CROP surveyed 1,001 adults via an online panel about their voting intentions and opinion of candidates vying for Montrealers' votes on Nov. 3.
Coderre remains the favourite, with 31 per cent of respondents saying they'd vote for him. In second place is Joly, with 17 per cent support despite the fact that only 36 per cent of those polled said they felt they knew her as a candidate.
“I think she represents the anti-politician,” says YouriRivest, the vice-president of the polling company.
Rivest says Joly may be the answer a lot of people who are tired of politics are looking for.
Of all the mayoralty candidates running in Montreal, CROP poll respondents said they weren't very familiar with Joly, but had a favourable impression of the first-time candidate.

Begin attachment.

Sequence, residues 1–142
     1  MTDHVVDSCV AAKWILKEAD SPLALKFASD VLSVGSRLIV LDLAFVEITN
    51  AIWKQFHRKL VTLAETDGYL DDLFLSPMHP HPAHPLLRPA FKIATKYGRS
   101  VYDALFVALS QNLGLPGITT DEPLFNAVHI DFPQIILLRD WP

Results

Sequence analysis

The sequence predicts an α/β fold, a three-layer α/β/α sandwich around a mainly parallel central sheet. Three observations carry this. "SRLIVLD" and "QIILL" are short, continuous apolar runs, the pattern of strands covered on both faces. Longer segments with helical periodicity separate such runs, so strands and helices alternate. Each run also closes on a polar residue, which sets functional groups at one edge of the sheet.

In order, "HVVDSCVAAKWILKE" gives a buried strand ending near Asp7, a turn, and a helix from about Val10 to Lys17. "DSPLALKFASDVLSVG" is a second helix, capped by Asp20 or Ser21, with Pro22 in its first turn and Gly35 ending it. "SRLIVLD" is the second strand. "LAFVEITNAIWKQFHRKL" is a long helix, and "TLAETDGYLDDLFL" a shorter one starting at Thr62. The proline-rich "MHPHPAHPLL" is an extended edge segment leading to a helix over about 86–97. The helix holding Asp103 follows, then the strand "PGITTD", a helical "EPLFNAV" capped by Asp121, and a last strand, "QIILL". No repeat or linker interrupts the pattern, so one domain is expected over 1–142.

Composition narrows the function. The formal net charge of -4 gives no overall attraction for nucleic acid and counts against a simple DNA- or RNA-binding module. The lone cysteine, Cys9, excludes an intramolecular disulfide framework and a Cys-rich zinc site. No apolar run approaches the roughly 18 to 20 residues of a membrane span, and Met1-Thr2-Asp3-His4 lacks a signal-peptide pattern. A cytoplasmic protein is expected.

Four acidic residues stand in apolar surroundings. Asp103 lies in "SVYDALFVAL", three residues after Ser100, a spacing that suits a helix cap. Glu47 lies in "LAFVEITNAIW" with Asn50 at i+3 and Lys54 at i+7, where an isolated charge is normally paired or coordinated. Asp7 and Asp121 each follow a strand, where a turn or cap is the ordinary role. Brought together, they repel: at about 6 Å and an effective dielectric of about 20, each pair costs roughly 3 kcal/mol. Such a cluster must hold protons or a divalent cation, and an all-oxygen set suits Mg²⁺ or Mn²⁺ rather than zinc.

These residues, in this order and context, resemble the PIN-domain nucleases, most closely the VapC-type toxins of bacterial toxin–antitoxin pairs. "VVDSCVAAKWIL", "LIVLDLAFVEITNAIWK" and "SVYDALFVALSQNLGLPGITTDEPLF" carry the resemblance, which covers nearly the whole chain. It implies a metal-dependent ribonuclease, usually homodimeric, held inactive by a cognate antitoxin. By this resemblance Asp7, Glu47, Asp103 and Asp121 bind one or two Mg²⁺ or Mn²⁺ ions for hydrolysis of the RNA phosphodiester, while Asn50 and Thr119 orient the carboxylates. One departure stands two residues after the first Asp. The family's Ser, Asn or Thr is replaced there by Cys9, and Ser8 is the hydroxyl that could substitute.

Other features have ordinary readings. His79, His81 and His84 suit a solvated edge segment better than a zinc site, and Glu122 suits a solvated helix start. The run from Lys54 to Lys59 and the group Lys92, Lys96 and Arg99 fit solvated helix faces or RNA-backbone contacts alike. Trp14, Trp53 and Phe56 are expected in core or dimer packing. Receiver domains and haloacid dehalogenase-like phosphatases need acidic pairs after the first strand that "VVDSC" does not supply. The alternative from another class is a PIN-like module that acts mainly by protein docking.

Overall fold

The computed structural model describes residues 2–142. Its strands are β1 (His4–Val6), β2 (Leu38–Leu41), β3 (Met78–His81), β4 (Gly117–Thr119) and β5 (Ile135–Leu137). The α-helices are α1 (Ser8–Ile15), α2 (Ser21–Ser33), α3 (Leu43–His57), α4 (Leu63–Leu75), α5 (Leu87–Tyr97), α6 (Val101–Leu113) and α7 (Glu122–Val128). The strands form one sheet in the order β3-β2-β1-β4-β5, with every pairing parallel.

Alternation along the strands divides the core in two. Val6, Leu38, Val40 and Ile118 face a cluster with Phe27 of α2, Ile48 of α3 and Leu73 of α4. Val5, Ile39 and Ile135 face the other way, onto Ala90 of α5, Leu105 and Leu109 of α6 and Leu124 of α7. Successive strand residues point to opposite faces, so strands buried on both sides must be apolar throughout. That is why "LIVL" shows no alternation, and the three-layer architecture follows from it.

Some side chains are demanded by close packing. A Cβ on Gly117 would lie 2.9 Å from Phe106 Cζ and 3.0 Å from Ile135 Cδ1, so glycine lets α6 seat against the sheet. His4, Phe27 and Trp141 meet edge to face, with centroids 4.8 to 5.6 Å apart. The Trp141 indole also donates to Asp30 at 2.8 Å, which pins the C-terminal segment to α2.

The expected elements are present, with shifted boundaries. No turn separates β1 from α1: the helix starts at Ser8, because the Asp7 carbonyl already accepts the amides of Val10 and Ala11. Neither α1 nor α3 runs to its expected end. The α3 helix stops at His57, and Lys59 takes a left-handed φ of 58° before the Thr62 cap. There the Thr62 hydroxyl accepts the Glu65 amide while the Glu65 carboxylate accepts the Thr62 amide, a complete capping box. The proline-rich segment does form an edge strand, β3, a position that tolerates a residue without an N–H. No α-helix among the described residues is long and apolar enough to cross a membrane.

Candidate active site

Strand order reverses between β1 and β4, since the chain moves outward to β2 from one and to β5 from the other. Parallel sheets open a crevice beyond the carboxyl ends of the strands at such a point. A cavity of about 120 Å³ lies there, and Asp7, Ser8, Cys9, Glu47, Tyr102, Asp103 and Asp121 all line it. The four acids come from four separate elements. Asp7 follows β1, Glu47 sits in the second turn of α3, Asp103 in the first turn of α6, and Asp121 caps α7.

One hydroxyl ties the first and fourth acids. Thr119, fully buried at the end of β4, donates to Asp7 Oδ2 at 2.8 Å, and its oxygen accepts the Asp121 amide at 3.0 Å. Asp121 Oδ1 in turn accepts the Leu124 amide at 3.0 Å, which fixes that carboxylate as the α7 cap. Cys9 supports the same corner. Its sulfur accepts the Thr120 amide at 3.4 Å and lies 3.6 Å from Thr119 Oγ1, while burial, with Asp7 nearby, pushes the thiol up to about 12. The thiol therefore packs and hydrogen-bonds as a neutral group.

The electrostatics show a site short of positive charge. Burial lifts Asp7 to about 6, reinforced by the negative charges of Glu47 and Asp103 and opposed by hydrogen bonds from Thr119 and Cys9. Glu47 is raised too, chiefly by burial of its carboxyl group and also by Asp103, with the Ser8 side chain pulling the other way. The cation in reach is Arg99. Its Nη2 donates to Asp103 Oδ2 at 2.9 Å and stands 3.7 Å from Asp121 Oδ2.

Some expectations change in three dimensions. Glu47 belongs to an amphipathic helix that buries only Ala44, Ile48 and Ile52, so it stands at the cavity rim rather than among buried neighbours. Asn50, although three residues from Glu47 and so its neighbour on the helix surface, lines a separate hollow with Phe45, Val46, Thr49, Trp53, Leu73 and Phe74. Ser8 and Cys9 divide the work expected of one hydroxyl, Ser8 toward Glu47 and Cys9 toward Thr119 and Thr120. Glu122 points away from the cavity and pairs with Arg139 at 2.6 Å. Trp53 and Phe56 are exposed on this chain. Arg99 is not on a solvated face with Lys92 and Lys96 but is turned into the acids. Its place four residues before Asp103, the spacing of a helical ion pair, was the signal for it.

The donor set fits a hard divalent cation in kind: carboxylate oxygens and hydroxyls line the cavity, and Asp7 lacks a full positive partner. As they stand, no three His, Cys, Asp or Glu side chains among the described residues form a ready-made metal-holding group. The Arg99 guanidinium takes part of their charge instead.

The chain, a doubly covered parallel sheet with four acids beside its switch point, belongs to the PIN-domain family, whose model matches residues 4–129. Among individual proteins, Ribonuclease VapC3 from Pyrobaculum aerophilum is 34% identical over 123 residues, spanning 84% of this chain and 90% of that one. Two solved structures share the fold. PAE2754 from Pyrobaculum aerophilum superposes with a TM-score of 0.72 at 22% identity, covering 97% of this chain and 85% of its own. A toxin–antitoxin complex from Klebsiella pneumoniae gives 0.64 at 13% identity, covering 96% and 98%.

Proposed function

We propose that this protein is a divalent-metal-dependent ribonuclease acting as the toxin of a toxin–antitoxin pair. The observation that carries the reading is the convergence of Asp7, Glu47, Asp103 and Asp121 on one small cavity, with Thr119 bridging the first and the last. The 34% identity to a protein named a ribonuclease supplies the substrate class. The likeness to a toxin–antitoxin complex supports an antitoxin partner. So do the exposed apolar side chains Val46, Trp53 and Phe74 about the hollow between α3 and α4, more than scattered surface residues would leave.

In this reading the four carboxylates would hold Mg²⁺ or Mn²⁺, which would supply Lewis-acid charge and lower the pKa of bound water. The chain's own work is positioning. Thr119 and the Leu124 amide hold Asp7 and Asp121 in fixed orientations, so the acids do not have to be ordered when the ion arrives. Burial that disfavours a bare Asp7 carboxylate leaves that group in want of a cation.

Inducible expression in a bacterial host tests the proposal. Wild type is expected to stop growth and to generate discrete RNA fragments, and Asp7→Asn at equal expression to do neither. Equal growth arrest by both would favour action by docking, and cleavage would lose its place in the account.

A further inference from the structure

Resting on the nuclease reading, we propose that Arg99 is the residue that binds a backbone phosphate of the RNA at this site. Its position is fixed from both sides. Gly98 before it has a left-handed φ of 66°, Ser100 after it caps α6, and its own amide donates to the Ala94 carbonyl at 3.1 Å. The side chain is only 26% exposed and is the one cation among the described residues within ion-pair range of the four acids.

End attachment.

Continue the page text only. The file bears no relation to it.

Still, the electorate is very volatile, says Rivest — only 27 per cent of respondents said they knew for sure who they'd be voting for come election day. The rest said they either didn't know who to vote for, or that they might change their minds at the last minute.
And then there are the people who may not even vote. Just over half those polled said they would definitely be voting in this election.